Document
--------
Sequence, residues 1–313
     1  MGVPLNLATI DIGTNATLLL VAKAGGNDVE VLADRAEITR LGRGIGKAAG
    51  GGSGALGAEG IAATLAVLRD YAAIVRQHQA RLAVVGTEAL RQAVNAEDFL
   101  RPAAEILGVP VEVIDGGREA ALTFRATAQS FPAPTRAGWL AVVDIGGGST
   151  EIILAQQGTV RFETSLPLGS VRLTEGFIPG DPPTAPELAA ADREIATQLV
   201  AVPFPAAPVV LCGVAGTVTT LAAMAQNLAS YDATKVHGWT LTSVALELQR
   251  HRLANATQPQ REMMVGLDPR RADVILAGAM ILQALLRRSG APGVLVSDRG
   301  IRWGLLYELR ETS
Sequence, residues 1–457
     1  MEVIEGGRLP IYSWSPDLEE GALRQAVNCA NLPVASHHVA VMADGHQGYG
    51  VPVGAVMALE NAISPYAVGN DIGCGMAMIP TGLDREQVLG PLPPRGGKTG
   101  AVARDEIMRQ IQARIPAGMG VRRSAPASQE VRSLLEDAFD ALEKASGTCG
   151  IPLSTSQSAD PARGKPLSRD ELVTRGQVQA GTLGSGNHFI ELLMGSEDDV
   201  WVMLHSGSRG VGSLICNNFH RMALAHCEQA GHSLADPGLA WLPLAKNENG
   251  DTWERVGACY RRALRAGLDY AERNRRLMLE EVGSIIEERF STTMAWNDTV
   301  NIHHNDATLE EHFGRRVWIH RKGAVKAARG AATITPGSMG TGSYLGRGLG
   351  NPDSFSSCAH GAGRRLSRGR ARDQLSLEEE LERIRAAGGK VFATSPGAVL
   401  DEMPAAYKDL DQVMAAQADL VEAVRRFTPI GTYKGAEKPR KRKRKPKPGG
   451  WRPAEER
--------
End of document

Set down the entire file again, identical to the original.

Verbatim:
Sequence, residues 1–313
     1  MGVPLNLATI DIGTNATLLL VAKAGGNDVE VLADRAEITR LGRGIGKAAG
    51  GGSGALGAEG IAATLAVLRD YAAIVRQHQA RLAVVGTEAL RQAVNAEDFL
   101  RPAAEILGVP VEVIDGGREA ALTFRATAQS FPAPTRAGWL AVVDIGGGST
   151  EIILAQQGTV RFETSLPLGS VRLTEGFIPG DPPTAPELAA ADREIATQLV
   201  AVPFPAAPVV LCGVAGTVTT LAAMAQNLAS YDATKVHGWT LTSVALELQR
   251  HRLANATQPQ REMMVGLDPR RADVILAGAM ILQALLRRSG APGVLVSDRG
   301  IRWGLLYELR ETS
Sequence, residues 1–457
     1  MEVIEGGRLP IYSWSPDLEE GALRQAVNCA NLPVASHHVA VMADGHQGYG
    51  VPVGAVMALE NAISPYAVGN DIGCGMAMIP TGLDREQVLG PLPPRGGKTG
   101  AVARDEIMRQ IQARIPAGMG VRRSAPASQE VRSLLEDAFD ALEKASGTCG
   151  IPLSTSQSAD PARGKPLSRD ELVTRGQVQA GTLGSGNHFI ELLMGSEDDV
   201  WVMLHSGSRG VGSLICNNFH RMALAHCEQA GHSLADPGLA WLPLAKNENG
   251  DTWERVGACY RRALRAGLDY AERNRRLMLE EVGSIIEERF STTMAWNDTV
   301  NIHHNDATLE EHFGRRVWIH RKGAVKAARG AATITPGSMG TGSYLGRGLG
   351  NPDSFSSCAH GAGRRLSRGR ARDQLSLEEE LERIRAAGGK VFATSPGAVL
   401  DEMPAAYKDL DQVMAAQADL VEAVRRFTPI GTYKGAEKPR KRKRKPKPGG
   451  WRPAEER